With this in mind, it is critical as an employer to promote preventative care, educate employees on what is covered by their insurance, and make sure you communicate your support of their health by allowing for employees to take time off to attend these exams. Something like a “health day” where you offer a full or half-day off for employees to schedule preventative care exams, a physical, or other wellness-related appointments can be a great step in the right direction.

Create a Culture of Wellness and Community

As previously mentioned, the “sitting disease” (THE FACTS: The human body is designed to move), high stress levels, and a world that doesn’t promote the healthiest of habits makes the increasing level of prediabetes and diabetes very challenging to tackle.

Luckily, you as an employer don’t have to take all of it head on! The office is a great place to start making changes. Look around and identify areas where improvements can be made. Here are a few ideas to get you started:

  • Order standing desks for those who work in the office, so they have an alternative to sitting.
  • Start a walking group at breaks or lunch to get employees active during the day.
  • Try out a stretching break. Encourage employees to lightly stretch before starting work or at increments throughout the day, which can make a big difference in the body and the mind.
  • Offer healthy options at lunch meetings. Try to provide fresh vegetables, lean proteins, and complex carbohydrates. Think about swapping dessert for fresh fruit!

People spend a large portion of their week at work, so you have the opportunity to impact someone’s views on their health and the importance of taking care of themselves by creating a culture of wellness.

Health Coaching and Behavioral Change

Diabetes management often requires an individualized approach. Everyone’s body and blood sugar respond differently to medication, exercise, and nutrition which means that there is no “one size fits all” plan for diabetics. Enter health coaching. Health coaches create deep relationships with people. Building rapport allows coaches to work closely with diabetics to help them become more aware of their current habits, educate on pertinent information for diabetes management, provide accountability and problem-solving while navigating new habits, and sets goals to help an individual progress.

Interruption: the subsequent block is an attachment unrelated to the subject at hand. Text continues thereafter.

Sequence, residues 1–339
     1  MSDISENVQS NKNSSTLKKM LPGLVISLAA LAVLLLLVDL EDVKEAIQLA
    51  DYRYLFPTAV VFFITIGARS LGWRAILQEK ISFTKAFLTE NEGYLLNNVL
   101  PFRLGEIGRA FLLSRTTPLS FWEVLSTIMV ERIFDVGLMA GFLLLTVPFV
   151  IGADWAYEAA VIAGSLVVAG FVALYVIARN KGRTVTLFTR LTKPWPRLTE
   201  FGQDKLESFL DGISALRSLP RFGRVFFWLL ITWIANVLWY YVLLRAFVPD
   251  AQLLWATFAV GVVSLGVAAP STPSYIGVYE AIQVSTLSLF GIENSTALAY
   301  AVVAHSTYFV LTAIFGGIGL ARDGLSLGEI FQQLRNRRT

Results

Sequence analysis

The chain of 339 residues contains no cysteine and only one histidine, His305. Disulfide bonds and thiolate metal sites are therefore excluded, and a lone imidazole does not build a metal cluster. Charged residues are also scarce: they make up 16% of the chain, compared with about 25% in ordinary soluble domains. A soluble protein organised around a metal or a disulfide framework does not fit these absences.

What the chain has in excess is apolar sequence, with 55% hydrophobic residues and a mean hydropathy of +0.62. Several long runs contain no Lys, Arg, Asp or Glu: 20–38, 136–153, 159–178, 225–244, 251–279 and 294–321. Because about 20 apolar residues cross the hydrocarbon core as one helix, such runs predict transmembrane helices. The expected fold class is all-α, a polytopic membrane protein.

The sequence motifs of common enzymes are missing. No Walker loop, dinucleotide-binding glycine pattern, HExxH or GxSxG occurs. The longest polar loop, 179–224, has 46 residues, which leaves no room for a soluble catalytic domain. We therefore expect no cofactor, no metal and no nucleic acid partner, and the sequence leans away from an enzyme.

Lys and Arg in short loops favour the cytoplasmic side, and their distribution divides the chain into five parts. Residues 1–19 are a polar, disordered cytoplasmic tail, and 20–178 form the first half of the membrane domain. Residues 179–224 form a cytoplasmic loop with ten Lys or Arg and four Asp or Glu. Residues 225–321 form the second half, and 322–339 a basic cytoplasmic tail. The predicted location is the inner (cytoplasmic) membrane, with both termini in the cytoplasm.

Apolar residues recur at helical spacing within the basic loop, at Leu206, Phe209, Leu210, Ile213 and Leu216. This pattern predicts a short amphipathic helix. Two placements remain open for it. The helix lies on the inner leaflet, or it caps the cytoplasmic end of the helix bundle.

On top of all this, a health coach is a cheerleader. Supporting someone on their journey and celebrating all the small wins along the way is key to change. It builds confidence and empowers people to continue on their path.

And the data supports this:

One client CHP currently works with has health coaching, culture building, and an additional Diabetes Coaching Program in place. Over the past year, they were able to reduce their diabetic level from 12% to 8%.

The percentage of people with an A1c >/= 8 decreased from 4.3% to 2.9%, which is 8 fewer participants with an uncontrolled A1c. And this isn’t the only client who has a similar wellness program in place and has seen reductions in employees measuring in the diabetic range. Five additional clients with nearly 100% compliance with coaching and high participation and engagement in the wellness program activities have all been positively impacted specifically related to their diabetic population.


Still looking for a reason to get started? November is National Diabetes Awareness month, so there’s no time like the present to help your employees (and yourself) with awareness and education on diabetes!

Want help creating a culture of wellness or interested in health coaching? Use our form to tell us about your organization, and we’ll call you back to schedule an appointment.

About the author

Lizzie Waldo

One of the Health Coaches at CHP, Lizzie completed her Dietetic Certificate and Internship at Lipscomb University in Nashville, TN and is a Certified Exercise Physiologist and Personal Trainer through the American College of Sports Medicine. Her interest in nutrition and exercise field comes from a passion for helping people meet their goals. Being a part of someone’s health journey by listening, providing them with accountability, and encouraging them every step of the way has been the source of her coaching success.

Corporate Health Partners